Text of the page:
That's what keeps you reading even if you don't find you particularly relate to the characters or their circumstances. At 48, Eve is of a nervous disposition, divorced, has been bullied all her life by her mother and has never really found her own place in life, but, being from a well-off family she's never had to worry about work, helping out part-time in a charity shop. It's there that she picks up a crime-fiction book by author Jackson Cooper, and particularly liking one description of the joy of ripe fruit, she writes to the author and finds that they have a mutual love of food. Even though he's a successful author Jack has also reached a turning point in his life, both personally and professionally, as he approaches his 50th birthday.

So how can you make this sound appealing? I'm not sure I can, but Deborah McKinlay certainly manages it. If I were to describe the plot, it would be all about wealthy middle-class middle-age concerns - preparations for Eve's daughter Izzy's wedding featuring prominently with tantrums thrown and panic-attacks ensuing as it raises unwelcome memories - and an ex-husband - for Eve. Jack meanwhile broods over the women in his life and whether he wants popular success as a writer or personal satisfaction, and increasingly he's only finding that in cooking. Intersperse that with some polite but mildly flirtatious correspondence in the exchanging of recipes and the story doesn't seem to amount to much.

The situation might sound predictable and dull, but the characters are well-drawn, familiar, recognisable types that are treated with some measure of love and attention by the author. That alone is enough to make That Part Was True a pleasant read, but there's actually a lot of subtlety in the characterisation as well. Surprisingly, that shows in the recipes as well and the manner in which they are exchanged, both managing to show their true character more here than in the sometimes awkward personal exchanges. What sealed the success of the book for me however was the conclusion. With this kind of plot, it has to be handled realistically without sentimentality, but still satisfy the reader. Having brought the reader along the journey, Deborah McKinlay doesn't let you down and handles the ending with the same delicacy, wit and gentle charm that is found elsewhere in the book.
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4.0 out of 5 stars Four Stars, 6 July 2014
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This review is from: That Part Was True (Hardcover)
Enjoyed it.
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4.0 out of 5 stars calmly quirky, 5 May 2014
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This review is from: That Part Was True (Kindle Edition)
I hadn't known anything about this book before I started reading it. It has a simple storyline, that successfully shows a portrait of human nature and character. It uses food as communication between two strangers, providing a unusual and charming connection. It avoids the trite or the all too easy romance structure but hints of it throughout. Delightful... Like a tart but sweet lemon drizzle!
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4.0 out of 5 stars a relationship ruled by the pen..., 2 May 2014
By 
Petra "I love to read" "book addict!!!" (Northern Ireland) - See all my reviews
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This review is from: That Part Was True (Hardcover)
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That Part was True written by Deborah McKinlay has written a love story based on a couple's letters going from America to London and back again. We follow the lives of this couple via the letters and how those around them affected their own personal lives. For me reading the letters going back and forth was how we really got to know Eve and Jackson and how this all started was Eve writing to Jackson admiring his work.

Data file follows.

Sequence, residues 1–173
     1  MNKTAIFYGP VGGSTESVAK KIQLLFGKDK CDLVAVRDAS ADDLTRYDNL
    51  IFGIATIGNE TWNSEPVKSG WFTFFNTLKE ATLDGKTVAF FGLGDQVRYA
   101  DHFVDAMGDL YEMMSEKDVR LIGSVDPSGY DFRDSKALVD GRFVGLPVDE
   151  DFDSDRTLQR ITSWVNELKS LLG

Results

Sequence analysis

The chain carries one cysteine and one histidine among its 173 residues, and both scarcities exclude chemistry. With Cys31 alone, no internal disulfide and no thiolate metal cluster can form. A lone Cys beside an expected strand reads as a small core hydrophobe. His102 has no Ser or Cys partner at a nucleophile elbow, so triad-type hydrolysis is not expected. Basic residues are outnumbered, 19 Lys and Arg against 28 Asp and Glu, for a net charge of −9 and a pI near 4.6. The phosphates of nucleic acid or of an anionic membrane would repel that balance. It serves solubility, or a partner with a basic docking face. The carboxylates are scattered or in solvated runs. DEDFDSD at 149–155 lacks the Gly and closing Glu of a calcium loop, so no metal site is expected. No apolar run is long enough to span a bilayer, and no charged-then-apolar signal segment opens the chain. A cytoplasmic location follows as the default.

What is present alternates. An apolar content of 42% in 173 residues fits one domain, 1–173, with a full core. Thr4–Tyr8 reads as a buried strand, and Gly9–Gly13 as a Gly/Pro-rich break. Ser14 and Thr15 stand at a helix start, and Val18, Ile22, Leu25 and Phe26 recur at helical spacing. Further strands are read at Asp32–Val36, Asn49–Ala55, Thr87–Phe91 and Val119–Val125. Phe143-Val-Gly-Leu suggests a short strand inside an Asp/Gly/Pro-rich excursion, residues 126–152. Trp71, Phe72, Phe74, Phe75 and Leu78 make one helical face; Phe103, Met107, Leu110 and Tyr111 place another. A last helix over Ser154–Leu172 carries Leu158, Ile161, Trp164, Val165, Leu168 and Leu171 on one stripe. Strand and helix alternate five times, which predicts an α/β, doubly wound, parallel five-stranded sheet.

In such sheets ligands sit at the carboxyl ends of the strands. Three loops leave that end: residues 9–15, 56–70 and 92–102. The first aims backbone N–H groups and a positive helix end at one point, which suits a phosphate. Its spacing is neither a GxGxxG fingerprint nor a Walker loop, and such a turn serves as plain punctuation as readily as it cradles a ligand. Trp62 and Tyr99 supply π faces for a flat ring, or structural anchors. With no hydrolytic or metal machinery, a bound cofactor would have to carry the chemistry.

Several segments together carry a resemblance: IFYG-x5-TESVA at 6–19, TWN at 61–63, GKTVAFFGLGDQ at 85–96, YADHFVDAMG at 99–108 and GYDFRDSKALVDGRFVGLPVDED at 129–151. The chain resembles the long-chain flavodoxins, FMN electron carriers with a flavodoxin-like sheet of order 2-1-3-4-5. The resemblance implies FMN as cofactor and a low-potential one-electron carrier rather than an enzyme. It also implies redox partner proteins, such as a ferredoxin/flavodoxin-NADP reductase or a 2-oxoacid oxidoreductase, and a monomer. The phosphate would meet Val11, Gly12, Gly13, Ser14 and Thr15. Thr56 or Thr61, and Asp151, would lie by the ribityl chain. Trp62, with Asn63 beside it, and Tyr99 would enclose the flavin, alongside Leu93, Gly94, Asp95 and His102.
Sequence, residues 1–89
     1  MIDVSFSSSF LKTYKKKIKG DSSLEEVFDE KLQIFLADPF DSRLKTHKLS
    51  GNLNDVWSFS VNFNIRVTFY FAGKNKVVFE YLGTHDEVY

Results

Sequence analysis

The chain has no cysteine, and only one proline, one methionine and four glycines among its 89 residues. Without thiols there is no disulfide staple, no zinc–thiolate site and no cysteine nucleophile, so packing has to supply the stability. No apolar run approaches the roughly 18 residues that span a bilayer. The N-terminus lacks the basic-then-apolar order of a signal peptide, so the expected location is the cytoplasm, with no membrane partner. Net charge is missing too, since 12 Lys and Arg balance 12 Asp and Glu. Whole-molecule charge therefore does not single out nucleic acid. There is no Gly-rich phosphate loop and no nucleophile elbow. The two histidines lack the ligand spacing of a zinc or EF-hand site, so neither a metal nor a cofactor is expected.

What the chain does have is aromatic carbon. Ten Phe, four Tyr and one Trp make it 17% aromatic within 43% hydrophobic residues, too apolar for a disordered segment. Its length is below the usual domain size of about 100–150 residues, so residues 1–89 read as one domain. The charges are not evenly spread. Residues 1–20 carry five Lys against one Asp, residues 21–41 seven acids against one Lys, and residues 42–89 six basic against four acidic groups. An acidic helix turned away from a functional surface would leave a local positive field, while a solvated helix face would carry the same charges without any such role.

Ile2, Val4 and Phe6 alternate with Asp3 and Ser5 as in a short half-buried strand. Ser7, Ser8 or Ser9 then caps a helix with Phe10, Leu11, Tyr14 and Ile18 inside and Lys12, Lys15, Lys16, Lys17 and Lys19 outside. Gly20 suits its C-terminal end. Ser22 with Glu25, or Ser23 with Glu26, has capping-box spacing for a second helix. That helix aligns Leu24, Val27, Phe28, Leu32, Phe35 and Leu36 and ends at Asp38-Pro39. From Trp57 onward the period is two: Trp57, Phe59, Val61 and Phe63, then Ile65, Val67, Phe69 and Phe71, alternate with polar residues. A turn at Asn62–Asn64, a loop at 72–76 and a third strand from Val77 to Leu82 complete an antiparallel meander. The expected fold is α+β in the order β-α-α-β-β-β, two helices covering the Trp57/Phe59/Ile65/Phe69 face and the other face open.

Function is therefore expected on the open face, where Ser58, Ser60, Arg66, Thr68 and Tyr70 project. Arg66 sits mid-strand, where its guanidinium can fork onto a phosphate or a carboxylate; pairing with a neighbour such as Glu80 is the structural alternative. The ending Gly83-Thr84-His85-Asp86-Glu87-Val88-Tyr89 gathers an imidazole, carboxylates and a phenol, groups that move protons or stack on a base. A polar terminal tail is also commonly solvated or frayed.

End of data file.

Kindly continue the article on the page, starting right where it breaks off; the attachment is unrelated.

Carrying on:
I knew the book was compared a lot to other best sellers but for me I judged this book on its own credentials which was a book written by a very talented author.
That Part was True written by Deborah McKinlay is a book which I did enjoy and other readers of fiction will also enjoy reading if for one you let it be good on its own without other books being laid beside it for comparison.
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4.0 out of 5 stars Well written, 29 April 2014
By 
Thinker (Wiltshire) - See all my reviews
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This review is from: That Part Was True (Hardcover)
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Eve and Jackson's story, it was interesting, the pages were easily turned, the language was descriptive and simple, I simply was interested to know what happened to two interesting people.
Not a typical romance in any way and the ending is slightly in the air,the story is more about there characters and lives, friends, family.
I didn't love it but i did like it and read it quickly.
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5.0 out of 5 stars Such a lovely story..., 10 April 2014
By 
Me read (UK) - See all my reviews
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This review is from: That Part Was True (Hardcover)
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This is a wonderful, gentle romance. I loved it. As I was reading it flickered between a four and a five star and back to a four, but right at the end it jumped back to a five again. Lovely story.

A love story that blossoms via letters mostly but it's all the little side stories that make this charming. The letters skirt around issues and it's both heartwarming and frustrating to watch things play out, wanting things to go in one direction but have them take another path. The will they/won't they thing sometimes grates on my nerves when it's drawn out but here it was just charming. I think that has a lot to do with the characters though. They're not a couple of teens with all the angst that usually accompanies these things. Eve and Jack are middle aged and both feel a bit jaded, for different reasons, and forge a connection despite their differing lifestyles and the great distances between them.

It's so refreshing to have such a touching romance with an older couple at it's core. It's just a wonderful story and one I'd recommend.

This is the first I've heard of this author but I'll definitely be looking out for more. This lady can write.
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5.0 out of 5 stars Very Enjoyable, 30 Mar 2014
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This review is from: That Part Was True (Kindle Edition)
Well written and kept me interested the whole time. Interesting characters. Very interesting inter telatipnships and a believable ending. Good read which I have recommended to others.
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That Part Was True
That Part Was True by Deborah McKinlay